The rest of the show continued this gambit. Osborne played some Melvins songs from across the band's catalogue, including a tune or two off the recently released Bulls & the bees as well as a hefty amount of songs off his new solo record. Like the studio counterparts, the live versions were fast, creepy, and thick. Near the beginning, he also slipped in a haunting rendition of the already haunting Alice Cooper classic, "Ballad of Dwight Fry." Much is spoken bout Osborne's guitar skills, but really, the cover made it clear how great of a singer he really is. "Dwight Fry" is a notoriously difficult song, with Alice Cooper, in the original version, shifting from a scared, abused individual to madman to someone filled with sorrow. It's no easy task to emote such a range of characters through voice alone, but Osborne, who is perhaps a student of blues—rock dynamics, and probably even the blues heroes, was able to shift from horror to revulsion to anger with ease— which is really, is no easy task.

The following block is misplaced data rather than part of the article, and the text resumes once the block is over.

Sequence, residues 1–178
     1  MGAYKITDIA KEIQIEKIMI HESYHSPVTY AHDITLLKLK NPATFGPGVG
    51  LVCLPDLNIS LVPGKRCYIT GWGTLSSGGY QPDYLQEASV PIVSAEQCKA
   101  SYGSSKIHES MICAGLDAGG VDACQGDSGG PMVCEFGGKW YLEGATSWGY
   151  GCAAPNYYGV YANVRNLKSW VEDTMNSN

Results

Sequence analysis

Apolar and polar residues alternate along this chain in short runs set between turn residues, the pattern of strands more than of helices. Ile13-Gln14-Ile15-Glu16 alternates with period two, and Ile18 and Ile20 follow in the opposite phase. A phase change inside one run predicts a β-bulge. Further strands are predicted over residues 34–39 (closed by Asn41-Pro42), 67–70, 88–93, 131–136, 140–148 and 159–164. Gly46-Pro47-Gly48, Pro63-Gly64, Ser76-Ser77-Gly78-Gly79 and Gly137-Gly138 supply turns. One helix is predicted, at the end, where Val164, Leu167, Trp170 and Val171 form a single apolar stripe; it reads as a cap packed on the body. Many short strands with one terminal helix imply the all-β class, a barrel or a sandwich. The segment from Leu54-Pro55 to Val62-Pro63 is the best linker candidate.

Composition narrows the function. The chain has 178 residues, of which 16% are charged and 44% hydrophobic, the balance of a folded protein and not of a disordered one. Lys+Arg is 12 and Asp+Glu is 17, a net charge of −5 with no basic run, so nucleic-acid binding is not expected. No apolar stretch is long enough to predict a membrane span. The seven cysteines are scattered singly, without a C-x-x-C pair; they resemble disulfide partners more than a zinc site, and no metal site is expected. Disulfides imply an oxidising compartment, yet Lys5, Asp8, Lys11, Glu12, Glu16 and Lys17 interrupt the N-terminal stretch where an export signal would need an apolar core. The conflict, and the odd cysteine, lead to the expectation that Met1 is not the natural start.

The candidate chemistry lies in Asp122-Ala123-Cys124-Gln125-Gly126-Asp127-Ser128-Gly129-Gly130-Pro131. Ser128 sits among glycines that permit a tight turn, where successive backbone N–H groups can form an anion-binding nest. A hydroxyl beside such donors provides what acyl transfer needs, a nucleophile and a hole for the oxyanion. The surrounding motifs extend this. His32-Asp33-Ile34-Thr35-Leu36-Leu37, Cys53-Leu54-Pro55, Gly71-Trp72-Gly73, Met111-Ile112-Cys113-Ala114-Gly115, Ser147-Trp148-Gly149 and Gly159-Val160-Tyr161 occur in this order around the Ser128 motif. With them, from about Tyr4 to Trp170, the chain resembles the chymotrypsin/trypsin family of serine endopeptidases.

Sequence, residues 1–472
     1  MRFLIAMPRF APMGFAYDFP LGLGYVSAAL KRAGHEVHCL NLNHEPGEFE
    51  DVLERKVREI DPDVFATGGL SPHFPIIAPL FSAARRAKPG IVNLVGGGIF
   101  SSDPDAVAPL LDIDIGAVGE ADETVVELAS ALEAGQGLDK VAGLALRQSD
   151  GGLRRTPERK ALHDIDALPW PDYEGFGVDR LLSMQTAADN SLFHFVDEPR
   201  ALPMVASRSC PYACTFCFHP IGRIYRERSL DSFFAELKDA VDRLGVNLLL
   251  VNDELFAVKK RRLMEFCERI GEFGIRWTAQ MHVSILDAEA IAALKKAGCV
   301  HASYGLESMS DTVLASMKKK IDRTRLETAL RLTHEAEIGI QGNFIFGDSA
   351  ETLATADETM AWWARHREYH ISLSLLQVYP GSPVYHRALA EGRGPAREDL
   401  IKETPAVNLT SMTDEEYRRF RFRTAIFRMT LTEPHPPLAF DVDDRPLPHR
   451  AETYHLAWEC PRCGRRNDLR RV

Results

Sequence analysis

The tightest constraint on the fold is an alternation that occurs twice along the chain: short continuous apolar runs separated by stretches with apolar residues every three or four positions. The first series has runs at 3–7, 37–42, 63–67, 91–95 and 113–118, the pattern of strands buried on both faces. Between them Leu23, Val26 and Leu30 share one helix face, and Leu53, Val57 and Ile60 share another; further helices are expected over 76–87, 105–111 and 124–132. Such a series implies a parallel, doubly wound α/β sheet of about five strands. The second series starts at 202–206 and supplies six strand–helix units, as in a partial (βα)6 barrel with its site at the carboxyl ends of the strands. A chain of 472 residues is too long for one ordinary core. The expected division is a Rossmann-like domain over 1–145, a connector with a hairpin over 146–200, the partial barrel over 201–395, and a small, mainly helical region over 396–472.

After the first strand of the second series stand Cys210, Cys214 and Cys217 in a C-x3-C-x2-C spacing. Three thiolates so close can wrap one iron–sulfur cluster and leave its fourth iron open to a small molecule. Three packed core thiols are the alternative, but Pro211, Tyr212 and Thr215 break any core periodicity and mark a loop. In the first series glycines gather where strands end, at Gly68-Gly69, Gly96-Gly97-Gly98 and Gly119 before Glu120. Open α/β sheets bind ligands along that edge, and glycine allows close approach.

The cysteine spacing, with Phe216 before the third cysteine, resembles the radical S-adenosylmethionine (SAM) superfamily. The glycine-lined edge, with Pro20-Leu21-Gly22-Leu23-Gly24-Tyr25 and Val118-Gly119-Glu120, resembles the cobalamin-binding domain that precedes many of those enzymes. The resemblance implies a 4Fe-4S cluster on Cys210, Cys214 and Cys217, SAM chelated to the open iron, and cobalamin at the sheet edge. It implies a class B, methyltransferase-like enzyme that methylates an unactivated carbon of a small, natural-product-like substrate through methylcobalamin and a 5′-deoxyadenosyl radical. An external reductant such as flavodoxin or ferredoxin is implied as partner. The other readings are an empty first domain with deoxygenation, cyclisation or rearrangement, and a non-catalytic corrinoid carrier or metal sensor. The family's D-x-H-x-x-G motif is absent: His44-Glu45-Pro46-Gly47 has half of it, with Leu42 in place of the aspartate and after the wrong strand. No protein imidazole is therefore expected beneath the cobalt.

This underscored where Osborne separates himself from other acoustic acts. Most acoustic shows find the artist sitting in a chair, playing a restrained performance— the idea, apparently, being that if the artist holds back, you can "really feel" the song. Osbrone as having none of that. In fact, probably because he wasn't backed by electricity, Osborne, as he stomped around the stage, doubled his emphasis. When he raised his voice into squeaky upper registers, his face contorted, his front lip hardening and eyes squinting. When he dropped in to the classic, low rumbling Melvins, he tiled his head back, widened his eyes, and seemed to be portraying the narrator of "Black Sabbath." Perhaps like other artists, whose nuance comes through in calm territory, Osborne's nuance becomes apparent at full vigor. As he snaps from ghostly wail to a whisper, every one of his slight changes— the way he holds the guitar, the way he stares at the audience, the way he tilts his head— combines to give you 100% of the artist's intensity, which really, is the point of the solo—acoustic show, really.